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Impact report: Early Words Together for London

Added 09 Nov 2022


This report explores changes for children, families and practitioners as a result of taking part in our Early Words Together for London programme over the three years of delivery, 2019-2022.

About Early Words Together

Our early years programme, Early Words Together, has been proven to improve the home learning environment (HLE) of disadvantaged children by equipping parents and carers with the skills and confidence needed to support their child’s early literacy, communication and language development. Early Words Together has been designed with adaptions to support children at three different stages of their development: ages 2, 3 and 4-5 years. Parents learn simple daily activities such as shared reading, songs, mark-making and talk that will help them enrich their HLE for their children. Sessions are based around the seven activities known to have impact on educational attainment.

As part of the Mercers’ Company Early Years Special Initiative, Early Words Together for London involved collaboration with three boroughs with high literacy vulnerability to identify and engage specific settings in target wards and a selected cohort of children (i.e. two-year-olds, three-year-olds or four-year-olds) in an appropriate version of the programme.

Read our research report

Key findings

In order to explore the changes for children, families and practitioners as a result of taking part in the programme, this report uses data from parents and practitioners collected as part of the programme evaluation over the three years of delivery. Overall, the findings from the evaluation of the programme are very positive despite the ongoing challenges in delivery brought on by the pandemic. Some of the key findings include:

Early Words Together has been successful in supporting children’s engagement with stories, songs and mark making:

  • For example, 3 in 4 (74.1%) parents said that after taking part, their child enjoyed singing songs and rhymes more than before, while 7 in 10 (69.9%) felt that their child listened or paid attention to stories more than before. 3 in 5 parents also reported that their child asked to look at stories and books at home more than before (62.0%), enjoyed mark-making and drawing more than before (61.3%), and enjoyed sharing books (59.7%)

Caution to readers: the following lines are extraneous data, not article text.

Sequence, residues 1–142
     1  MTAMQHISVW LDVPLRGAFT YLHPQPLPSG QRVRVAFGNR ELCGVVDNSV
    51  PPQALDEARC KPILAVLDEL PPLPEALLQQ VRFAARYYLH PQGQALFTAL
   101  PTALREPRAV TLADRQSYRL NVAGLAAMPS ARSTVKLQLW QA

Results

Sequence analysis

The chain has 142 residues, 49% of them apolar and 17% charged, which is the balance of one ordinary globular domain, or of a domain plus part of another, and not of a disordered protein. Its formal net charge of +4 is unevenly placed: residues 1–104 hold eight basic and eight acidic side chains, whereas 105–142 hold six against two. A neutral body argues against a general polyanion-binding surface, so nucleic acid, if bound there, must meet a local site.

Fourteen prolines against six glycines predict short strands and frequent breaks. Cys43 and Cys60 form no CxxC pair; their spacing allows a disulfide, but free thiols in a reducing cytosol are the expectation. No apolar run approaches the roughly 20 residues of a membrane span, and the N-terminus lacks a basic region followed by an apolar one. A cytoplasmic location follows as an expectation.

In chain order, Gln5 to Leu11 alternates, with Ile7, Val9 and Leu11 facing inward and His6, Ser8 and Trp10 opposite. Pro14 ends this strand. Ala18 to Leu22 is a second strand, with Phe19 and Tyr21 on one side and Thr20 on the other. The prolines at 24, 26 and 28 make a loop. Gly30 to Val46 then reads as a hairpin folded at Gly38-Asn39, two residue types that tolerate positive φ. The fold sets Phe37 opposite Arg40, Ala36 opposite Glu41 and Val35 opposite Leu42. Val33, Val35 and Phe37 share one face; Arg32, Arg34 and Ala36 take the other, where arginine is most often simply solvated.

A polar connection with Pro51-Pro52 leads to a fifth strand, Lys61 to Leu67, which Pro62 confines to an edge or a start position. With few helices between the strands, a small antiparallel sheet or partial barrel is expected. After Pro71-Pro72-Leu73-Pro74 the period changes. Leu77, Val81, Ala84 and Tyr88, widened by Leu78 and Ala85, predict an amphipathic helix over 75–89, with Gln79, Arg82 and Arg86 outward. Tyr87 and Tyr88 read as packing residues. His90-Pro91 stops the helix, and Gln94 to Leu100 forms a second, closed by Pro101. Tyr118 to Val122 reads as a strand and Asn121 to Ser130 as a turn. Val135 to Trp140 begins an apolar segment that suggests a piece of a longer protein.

We also see positive changes for their parents and for families as a whole:

  • For example, 3 in 4 (75.5%) parents said they understood the importance of talking to their child more than before, while 3 in 4 (74.8%) said they talked to their child more about something the child is interested in. 3 in 5 (62.0%) felt more confident to sing songs with their child and nearly 3 in 5 (58.0%) felt more confident to share books with their child.
  • These changes in parents’ knowledge and confidence are also reflected in how they engage in activities with their child. Nearly 3 in 4 parents reported they sang songs with their child more than before (73.0%) and that they chatted together with their child (72.1%) more than before, while 3 in 5 shared stories more than before (59.1%).

The programme was also successful in supporting practitioners with their knowledge and confidence, as well as in improving the practice in the settings that participated in the programme:

  • For example, more than 9 in 10 practitioners reported feeling increasingly confident to engage with parents (93.5%) and increasingly skilled to do so (90.3%) after taking part.
  • Similarly, the findings show that the percentage of practitioners who give advice to parents about their home learning environments weekly increased by 59%, from 42.4% before the programme to 67.6% after the programme, and the number of practitioners who encourage parents weekly to engage in playing with their child increased by 67%, from 52.9%% to 88.3%.
Read our research report
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